In the intervening years, I’ve always measured every disaster, conflict or unspeakable loss of life against that horrid night….No, that horrid year, Martin had been murdered and our cities burned as riots spread across the nation.  I would pull  a shred of hope each time another crisis occurred from the fact that we had survived  1968…nothing would ever be that disastrous. Until now.

A couple of months after Bobby’s death  a group of us “young activists”,  a dozen or so were invited to meet Marlo Thomas in her Wilshire blvd. office. She offered to back us, if we were game, to promote gun control legislation. We signed on to form a group called the Kennedy Action Corp. It seemed cathartic, we were young and it gave us a new goal.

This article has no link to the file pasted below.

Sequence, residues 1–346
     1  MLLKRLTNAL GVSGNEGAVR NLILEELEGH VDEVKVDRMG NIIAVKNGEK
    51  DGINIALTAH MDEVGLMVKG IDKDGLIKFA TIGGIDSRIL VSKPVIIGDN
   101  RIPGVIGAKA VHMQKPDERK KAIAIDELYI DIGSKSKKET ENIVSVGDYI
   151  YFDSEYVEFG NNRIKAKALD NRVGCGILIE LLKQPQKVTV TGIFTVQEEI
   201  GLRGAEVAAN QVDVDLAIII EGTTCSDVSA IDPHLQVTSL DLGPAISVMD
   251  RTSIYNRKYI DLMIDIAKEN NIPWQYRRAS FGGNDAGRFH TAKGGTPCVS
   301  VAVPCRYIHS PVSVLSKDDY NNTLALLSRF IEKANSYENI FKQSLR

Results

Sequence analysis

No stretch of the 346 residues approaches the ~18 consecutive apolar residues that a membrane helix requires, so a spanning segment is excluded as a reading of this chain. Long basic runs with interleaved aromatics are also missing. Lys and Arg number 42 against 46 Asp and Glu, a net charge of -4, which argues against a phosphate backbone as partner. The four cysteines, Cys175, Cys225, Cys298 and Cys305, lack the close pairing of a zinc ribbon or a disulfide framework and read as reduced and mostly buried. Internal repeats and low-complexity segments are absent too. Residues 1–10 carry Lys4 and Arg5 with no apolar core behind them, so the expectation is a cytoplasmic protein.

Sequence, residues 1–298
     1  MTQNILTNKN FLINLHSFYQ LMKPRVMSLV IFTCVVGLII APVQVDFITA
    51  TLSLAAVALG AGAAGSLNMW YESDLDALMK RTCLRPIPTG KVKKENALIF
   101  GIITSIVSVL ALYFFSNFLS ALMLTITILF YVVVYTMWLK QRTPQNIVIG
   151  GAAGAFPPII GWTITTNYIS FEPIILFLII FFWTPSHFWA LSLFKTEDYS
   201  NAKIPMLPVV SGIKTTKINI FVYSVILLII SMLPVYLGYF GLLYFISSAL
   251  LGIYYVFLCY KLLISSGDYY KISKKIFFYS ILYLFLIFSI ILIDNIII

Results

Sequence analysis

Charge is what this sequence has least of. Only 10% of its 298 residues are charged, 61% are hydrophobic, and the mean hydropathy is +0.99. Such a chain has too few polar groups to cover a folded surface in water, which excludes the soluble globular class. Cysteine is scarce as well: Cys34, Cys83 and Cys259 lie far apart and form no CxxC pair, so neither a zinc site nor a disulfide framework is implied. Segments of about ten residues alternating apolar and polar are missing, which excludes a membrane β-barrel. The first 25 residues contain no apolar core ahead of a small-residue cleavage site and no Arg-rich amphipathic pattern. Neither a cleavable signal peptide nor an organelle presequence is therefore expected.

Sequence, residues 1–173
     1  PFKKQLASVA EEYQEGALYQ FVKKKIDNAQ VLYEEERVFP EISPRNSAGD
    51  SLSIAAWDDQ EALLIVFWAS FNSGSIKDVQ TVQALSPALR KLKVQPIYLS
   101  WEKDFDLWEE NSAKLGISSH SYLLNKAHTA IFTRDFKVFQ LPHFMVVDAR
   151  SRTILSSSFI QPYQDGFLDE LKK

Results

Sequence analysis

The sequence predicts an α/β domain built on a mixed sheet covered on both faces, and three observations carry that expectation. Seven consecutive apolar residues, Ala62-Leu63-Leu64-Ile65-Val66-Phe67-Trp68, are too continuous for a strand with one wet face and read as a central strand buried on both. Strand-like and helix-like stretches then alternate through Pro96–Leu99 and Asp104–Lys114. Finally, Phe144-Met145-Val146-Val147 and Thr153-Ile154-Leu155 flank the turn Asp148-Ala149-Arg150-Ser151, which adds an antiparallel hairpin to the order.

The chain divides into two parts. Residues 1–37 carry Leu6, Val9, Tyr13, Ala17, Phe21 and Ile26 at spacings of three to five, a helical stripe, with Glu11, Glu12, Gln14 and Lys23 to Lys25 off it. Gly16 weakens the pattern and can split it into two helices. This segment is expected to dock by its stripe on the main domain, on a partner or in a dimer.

The issue then over guns focused on small caliber handguns, “Saturday night specials”.  It was what killed RFK .  They were becoming a scourge to inner city and minority neighborhoods.  We thought it was a no brainer. Easy dunk. Who would disagree? 

I vaguely remember a handful of organizational meetings and then SAT exams and life moving on. There was no social media, 24 hour cable news or Twitter fame. And so the gun control movement of 1968 withered and died. Gun control, racial and gender equality, political sanity has ebbed and flowed since. This mirror image year of violence and racial reckoning, with the assassinations of too many innocent blacks it’s imperative to note how little progress we’ve made .